Writing for an Endangered World by Lawrence Buell
Literature, Culture, and Environment in the U.S. and Beyond (Belknap Press)

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Synopsis


The environmental imagination does not stop short at the edge of the woods. Nor should our understanding of it, as Lawrence Buell makes powerfully clear in his new book that aims to reshape the field of literature and environmental studies. Emphasizing the influence of the physical environment on individual and collective perception, his book thus provides the theoretical underpinnings for an ecocriticism now reaching full power, and does so in remarkably clear and concrete ways.


Writing for an Endangered World offers a conception of the physical environment--whether built or natural--as simultaneously found and constructed, and treats imaginative representations of it as acts of both discovery and invention. A number of the chapters develop this idea through parallel studies of figures identified with either "natural" or urban settings: John Muir and Jane Addams; Aldo Leopold and William Faulkner; Robinson Jeffers and Theodore Dreiser; Wendell Berry and Gwendolyn Brooks. Focusing on nineteenth- and twentieth-century writers, but ranging freely across national borders, his book reimagines city and country as a single complex landscape.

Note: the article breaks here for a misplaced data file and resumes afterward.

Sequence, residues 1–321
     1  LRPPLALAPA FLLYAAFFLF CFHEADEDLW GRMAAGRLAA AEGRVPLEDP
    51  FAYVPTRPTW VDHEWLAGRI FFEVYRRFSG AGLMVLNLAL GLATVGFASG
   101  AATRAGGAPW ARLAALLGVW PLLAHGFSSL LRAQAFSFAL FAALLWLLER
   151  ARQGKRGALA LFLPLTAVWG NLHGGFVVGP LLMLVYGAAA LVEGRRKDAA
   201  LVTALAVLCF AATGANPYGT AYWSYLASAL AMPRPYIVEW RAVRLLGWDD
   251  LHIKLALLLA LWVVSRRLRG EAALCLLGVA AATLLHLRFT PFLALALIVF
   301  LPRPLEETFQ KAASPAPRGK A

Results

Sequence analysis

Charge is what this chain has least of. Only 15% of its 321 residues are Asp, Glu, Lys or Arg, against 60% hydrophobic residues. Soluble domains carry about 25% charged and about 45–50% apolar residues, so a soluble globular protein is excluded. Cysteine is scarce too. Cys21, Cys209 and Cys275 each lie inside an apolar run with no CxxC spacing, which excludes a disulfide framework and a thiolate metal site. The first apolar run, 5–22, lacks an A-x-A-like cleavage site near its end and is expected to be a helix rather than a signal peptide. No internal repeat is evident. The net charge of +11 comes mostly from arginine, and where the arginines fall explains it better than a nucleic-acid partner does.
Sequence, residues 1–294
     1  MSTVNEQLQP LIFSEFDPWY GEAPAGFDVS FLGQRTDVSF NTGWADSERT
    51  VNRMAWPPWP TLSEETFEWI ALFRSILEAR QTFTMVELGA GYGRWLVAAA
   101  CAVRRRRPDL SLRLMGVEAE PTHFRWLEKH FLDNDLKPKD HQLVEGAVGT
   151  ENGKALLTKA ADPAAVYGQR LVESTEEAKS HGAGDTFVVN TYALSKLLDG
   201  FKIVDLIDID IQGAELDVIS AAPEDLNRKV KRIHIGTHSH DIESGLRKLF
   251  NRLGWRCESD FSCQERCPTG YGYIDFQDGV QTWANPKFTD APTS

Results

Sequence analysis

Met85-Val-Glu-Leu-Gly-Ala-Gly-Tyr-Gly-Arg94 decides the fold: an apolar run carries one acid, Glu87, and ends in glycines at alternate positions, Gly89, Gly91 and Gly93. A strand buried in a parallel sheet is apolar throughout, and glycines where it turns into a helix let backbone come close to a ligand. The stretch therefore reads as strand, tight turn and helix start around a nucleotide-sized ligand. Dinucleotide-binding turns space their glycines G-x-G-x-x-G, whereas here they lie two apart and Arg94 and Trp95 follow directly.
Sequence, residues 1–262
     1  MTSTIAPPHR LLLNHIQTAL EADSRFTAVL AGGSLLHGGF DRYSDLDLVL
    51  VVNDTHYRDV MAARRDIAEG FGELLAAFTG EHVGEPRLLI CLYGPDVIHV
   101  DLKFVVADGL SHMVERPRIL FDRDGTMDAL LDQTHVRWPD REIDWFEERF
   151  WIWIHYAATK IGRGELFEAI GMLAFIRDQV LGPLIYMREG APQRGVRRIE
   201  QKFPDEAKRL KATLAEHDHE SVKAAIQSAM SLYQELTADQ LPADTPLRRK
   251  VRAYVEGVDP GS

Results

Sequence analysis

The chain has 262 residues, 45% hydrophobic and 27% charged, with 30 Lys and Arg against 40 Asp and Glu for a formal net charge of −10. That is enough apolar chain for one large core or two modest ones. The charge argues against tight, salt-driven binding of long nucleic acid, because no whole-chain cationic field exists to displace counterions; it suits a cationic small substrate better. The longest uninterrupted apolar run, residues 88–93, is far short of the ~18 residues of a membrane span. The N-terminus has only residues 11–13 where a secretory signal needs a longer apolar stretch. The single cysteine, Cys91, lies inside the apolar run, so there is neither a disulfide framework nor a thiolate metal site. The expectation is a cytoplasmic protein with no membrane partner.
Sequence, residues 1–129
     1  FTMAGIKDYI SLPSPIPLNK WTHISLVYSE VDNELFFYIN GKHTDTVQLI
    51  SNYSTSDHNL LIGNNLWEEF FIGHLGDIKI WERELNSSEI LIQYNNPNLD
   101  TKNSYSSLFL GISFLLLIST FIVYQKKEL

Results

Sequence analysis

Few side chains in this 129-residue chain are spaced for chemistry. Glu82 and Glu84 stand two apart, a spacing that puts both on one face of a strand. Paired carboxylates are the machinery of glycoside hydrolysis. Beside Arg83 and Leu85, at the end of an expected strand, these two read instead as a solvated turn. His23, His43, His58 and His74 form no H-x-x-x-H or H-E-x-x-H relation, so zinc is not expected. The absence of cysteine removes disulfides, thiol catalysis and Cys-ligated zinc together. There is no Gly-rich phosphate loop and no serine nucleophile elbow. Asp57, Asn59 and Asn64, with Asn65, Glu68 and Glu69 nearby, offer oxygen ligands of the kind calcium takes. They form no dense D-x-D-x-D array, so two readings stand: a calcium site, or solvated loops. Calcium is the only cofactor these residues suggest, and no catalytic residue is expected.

About Lawrence Buell

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Lawrence Buell is Powell M. Cabot Professor of American Literature at Harvard University.
 
Published May 25, 2001 by Belknap Press. 384 pages
Genres: Nature & Wildlife, Literature & Fiction, Science & Math, Education & Reference. Non-fiction

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